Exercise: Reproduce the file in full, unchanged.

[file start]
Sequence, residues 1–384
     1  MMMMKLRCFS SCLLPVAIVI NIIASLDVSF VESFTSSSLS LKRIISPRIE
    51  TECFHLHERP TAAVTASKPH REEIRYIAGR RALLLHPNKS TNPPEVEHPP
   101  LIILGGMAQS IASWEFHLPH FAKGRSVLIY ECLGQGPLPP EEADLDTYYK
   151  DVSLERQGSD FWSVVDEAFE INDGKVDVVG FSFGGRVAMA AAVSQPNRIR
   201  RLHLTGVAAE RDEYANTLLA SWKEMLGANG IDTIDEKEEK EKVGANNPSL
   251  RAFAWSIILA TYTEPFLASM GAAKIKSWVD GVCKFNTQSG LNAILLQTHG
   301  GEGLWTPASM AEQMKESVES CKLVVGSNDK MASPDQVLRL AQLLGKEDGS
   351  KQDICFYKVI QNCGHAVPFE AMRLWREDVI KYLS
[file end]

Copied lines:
Sequence, residues 1–384
     1  MMMMKLRCFS SCLLPVAIVI NIIASLDVSF VESFTSSSLS LKRIISPRIE
    51  TECFHLHERP TAAVTASKPH REEIRYIAGR RALLLHPNKS TNPPEVEHPP
   101  LIILGGMAQS IASWEFHLPH FAKGRSVLIY ECLGQGPLPP EEADLDTYYK
   151  DVSLERQGSD FWSVVDEAFE INDGKVDVVG FSFGGRVAMA AAVSQPNRIR
   201  RLHLTGVAAE RDEYANTLLA SWKEMLGANG IDTIDEKEEK EKVGANNPSL
   251  RAFAWSIILA TYTEPFLASM GAAKIKSWVD GVCKFNTQSG LNAILLQTHG
   301  GEGLWTPASM AEQMKESVES CKLVVGSNDK MASPDQVLRL AQLLGKEDGS
   351  KQDICFYKVI QNCGHAVPFE AMRLWREDVI KYLS